Venezuela comes to an agreement with Crystallex. The Canadian mining company Crystallex tried to force the PDVSA in Venezuela to sell Citgo as a compensation for a gold mining project expropriated in 2011. However, Venezuela and Crystallex only hit an agreement that would allow the PDVSA to maintain Citgo. Under these circumstances, Venezuela initially paid $ 425 million to Crystallex and will pay its remaining balance until 2021.

Venezuela rejects BP's bid. BP (NYSE: BP) proposed purchases Total SA (NYSE: TOT) a stake in the natural gas project in Venezuelan waters. The project is located along the maritime border of Venezuela and Trinidad and Tobago. BP holds the rights to the Trinidad side and wants to buy Total stake from Venezuela and could use the gas to expand its operations in Trinidad. Caracas has blocked the bid, according to Reuters.

Goldman Sachs: Lack of Oil in 2020. The oil market could be overcome now, but Goldman Sachs says there is a gap in 2020. "In 2020 we will have a clear physical shortage of oil because no one is allowed to invest fully in future oil production," said Michele Della Vigna, head of EMEA's research on natural resources at Goldman Sachs.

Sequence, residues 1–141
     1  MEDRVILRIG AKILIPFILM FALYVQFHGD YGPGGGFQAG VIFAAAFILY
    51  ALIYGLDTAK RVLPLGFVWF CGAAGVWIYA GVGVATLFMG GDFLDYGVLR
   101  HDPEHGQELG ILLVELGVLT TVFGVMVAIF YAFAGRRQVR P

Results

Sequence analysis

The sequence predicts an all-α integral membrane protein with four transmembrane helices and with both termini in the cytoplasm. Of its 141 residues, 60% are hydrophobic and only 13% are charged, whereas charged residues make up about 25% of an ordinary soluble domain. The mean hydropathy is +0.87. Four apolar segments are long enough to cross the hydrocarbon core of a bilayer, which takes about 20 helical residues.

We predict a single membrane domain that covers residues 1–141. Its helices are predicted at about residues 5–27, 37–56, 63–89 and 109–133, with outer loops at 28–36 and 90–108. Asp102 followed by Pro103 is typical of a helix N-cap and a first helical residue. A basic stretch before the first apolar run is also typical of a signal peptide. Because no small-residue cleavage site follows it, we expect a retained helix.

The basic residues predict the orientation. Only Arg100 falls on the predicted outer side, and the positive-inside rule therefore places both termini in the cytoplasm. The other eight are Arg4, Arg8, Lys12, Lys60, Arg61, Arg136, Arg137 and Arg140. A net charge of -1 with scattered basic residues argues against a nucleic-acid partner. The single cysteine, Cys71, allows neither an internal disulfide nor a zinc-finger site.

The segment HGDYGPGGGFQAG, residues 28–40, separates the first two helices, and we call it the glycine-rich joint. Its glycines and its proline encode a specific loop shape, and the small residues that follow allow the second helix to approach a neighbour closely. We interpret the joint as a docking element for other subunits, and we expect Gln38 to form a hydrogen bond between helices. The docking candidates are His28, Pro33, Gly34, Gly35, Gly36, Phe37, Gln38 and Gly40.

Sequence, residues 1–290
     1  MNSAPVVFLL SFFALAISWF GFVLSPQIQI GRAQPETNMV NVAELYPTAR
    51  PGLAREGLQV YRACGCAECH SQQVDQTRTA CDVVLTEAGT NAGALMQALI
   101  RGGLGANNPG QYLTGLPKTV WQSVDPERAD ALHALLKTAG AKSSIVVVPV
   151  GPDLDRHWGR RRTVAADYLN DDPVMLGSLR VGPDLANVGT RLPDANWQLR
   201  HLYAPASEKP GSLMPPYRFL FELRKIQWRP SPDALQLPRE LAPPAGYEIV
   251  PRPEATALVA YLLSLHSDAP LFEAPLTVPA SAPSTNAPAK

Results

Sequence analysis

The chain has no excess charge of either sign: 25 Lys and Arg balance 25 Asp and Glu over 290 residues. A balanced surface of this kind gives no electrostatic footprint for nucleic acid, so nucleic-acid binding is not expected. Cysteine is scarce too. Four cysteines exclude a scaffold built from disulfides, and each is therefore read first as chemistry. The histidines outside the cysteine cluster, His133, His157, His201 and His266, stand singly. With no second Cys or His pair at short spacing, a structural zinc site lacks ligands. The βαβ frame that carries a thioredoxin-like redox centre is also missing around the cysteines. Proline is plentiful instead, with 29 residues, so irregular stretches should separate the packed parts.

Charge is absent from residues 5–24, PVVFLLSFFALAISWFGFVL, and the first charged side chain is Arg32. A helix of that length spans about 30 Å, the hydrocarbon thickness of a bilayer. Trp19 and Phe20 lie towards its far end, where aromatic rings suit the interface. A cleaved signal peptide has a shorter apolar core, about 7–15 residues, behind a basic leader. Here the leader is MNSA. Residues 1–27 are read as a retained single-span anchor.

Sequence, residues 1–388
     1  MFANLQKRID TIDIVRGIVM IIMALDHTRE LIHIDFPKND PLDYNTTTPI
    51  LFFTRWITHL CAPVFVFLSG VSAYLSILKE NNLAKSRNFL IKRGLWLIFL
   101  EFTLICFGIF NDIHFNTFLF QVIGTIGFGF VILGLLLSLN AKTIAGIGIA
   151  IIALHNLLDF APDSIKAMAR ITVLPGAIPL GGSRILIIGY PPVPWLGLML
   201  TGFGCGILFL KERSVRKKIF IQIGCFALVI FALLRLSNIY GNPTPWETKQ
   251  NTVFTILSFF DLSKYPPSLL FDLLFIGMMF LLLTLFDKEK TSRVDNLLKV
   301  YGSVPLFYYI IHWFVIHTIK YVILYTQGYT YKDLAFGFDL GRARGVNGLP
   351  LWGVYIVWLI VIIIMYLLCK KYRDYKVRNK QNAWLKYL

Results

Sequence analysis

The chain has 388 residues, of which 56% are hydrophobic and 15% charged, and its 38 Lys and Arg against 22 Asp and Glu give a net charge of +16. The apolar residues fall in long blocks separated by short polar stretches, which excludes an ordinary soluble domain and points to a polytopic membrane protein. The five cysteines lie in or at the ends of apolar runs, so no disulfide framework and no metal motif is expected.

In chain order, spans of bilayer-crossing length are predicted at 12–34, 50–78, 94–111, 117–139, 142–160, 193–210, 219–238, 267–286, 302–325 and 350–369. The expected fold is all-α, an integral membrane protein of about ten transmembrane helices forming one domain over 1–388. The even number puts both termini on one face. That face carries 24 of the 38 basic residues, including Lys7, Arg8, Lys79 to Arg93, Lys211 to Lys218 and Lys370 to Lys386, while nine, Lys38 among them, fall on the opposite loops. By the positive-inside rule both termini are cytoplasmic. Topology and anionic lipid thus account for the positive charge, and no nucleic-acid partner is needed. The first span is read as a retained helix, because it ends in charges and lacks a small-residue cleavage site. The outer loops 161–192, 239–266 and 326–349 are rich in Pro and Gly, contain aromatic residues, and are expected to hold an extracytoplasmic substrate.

Nigeria has lost $ 6 billion for Shell and Eni. A new report notes that Nigeria has lost estimated revenues of nearly $ 6 billion due to the strange structure of an oil deal in 2011 Royal Shell Shell (NYSE: RDS.A) and Eni (NYSE: E). The business is now at the center of attention due to a corruption case in Milan, where directors Eni are in the hot seat.

France and Germany are moving to keep their deal with Iran alive. The EU has previously proposed setting up a Special Purpose Vehicle (SPV) to allow European companies to continue doing business with Iran, working around US sanctions. France and Germany have agreed to host the financing agreement together and take aggressive measures to try to keep alive the Iranian nuclear agreement, even if the US continues to press European capitals not to move forward.